Hello &

Hello &

Wentworth Earl Miller III

Wentworth Earl Miller III



Thursday, September 17, 2015

Flour or Wheat

Flour Or Wheat

September 17, 2015 at 6:00pm

I've been coming here a long time, to this strip mall hole-in-the-wall Mexican restaurant off the freeway, with the chicken quesadillas I decided somewhere in my mid-20s (without much research, admittedly) were the best in Los Angeles.

In 199-something it was a small chain with franchise dreams and few locations, one of which was near-ish my apartment. When it closed I started commuting to a location that was not near-ish. It was far-ish. And when I brought someone along they would inevitably pronounce, between bites, that it wasn't worth the gas.

I paid them no mind.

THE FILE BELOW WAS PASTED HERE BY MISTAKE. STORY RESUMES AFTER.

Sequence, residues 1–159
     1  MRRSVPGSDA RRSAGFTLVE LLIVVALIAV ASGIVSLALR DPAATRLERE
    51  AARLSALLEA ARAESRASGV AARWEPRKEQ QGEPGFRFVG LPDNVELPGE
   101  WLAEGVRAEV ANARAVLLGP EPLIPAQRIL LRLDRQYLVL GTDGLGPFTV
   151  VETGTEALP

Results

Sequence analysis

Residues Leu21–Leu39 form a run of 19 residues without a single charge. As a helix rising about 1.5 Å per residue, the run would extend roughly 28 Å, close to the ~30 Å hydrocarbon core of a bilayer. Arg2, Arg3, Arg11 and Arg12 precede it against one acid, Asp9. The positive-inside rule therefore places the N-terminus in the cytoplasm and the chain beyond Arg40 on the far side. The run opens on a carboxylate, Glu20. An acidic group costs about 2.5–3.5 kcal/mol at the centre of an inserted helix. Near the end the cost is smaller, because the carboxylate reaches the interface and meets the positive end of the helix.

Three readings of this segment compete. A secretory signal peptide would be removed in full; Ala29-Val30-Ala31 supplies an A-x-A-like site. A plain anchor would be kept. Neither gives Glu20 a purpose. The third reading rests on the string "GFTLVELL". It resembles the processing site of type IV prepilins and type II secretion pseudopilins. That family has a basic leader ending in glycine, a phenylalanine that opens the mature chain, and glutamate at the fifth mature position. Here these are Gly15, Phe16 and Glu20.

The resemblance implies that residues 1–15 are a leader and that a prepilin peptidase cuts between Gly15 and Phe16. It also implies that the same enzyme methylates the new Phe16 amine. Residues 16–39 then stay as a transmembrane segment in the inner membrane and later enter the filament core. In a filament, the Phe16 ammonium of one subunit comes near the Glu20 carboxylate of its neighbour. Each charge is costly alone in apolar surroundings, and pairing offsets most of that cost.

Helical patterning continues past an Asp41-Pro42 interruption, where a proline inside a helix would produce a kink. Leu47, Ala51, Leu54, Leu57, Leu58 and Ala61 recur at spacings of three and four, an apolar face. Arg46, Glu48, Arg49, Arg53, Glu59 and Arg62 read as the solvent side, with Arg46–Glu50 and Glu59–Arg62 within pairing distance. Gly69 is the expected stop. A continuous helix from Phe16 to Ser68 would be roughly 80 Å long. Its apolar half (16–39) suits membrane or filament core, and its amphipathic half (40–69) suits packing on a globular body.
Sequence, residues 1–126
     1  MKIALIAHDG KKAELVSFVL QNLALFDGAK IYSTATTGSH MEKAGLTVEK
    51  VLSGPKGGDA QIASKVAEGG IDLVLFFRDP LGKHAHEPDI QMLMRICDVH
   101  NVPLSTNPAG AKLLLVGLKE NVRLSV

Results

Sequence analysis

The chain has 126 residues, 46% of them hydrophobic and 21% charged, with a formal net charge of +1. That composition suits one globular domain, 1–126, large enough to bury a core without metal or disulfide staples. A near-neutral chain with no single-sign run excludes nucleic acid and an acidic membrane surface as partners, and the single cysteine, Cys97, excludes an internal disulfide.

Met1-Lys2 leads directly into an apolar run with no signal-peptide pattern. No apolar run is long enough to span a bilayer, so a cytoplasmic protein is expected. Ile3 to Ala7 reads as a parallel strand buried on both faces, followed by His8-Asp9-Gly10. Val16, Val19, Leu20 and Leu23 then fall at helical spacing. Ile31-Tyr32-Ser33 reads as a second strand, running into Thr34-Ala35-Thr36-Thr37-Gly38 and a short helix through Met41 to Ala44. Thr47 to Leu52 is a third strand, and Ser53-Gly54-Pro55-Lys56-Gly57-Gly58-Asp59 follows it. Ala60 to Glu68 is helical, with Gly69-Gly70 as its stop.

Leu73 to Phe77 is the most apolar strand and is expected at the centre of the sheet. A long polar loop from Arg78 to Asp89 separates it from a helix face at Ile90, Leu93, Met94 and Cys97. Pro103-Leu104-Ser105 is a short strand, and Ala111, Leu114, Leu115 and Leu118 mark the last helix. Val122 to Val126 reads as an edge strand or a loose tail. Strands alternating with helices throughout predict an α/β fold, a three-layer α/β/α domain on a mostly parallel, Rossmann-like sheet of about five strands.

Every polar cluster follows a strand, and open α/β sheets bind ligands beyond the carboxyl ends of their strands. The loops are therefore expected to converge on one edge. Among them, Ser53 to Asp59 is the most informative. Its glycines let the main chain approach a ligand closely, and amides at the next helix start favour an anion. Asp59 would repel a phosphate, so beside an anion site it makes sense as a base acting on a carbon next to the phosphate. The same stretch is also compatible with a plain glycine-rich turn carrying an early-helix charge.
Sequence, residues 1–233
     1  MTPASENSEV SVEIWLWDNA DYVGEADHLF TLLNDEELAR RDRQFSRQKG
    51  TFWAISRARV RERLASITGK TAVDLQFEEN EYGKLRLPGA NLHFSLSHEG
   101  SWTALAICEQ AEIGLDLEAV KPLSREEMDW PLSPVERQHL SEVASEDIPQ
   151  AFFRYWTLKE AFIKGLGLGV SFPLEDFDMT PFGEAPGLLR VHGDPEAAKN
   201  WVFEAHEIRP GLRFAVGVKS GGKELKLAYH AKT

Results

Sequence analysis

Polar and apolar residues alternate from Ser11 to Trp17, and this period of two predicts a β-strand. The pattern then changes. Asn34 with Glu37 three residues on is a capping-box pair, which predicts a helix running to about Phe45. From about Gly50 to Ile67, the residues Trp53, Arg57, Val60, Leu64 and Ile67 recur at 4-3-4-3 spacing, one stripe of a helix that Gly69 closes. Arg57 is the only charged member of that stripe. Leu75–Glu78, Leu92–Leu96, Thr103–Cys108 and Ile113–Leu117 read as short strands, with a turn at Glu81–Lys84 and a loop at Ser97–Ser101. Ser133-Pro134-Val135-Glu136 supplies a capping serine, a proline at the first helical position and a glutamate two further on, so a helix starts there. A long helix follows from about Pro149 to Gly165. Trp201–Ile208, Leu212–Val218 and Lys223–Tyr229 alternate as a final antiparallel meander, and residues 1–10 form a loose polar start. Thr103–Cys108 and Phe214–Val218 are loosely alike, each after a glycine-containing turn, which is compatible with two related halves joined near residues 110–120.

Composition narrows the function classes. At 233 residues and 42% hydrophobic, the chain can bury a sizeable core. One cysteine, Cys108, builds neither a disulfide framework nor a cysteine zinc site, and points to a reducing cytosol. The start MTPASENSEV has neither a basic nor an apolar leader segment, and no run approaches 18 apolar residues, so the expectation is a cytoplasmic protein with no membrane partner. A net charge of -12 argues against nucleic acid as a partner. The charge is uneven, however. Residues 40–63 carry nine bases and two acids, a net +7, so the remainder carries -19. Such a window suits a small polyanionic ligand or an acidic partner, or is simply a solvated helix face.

I have a history of mental health issues and routine is important to me. Also consistency. Which might be why, once I started coming, I didn't stop. Why in the hundreds of times I've approached the counter I've always ordered the same thing.


One chicken quesadilla on a flour tortilla with guacamole. Rice and beans on the side. Plus chips.

Seriously. I've never tried anything else on the menu. For all I know the shrimp tacos make men weep. I don't care. They're not on my radar.

Yet somehow, despite getting the same meal about twice a month maybe ten months a year for almost fifteen years, the guy behind the counter never remembers my order.


Or, by extension, it would seem to follow, me.

This isn't "Cheers." Nobody knows my name. And if anyone's glad I came, they're keeping it to themselves.

Eventually I learned not to expect the guy behind the counter to know my order. What I could expect was a set mouth and a flat stare. Free of charge.

And that's been a relief.

At times.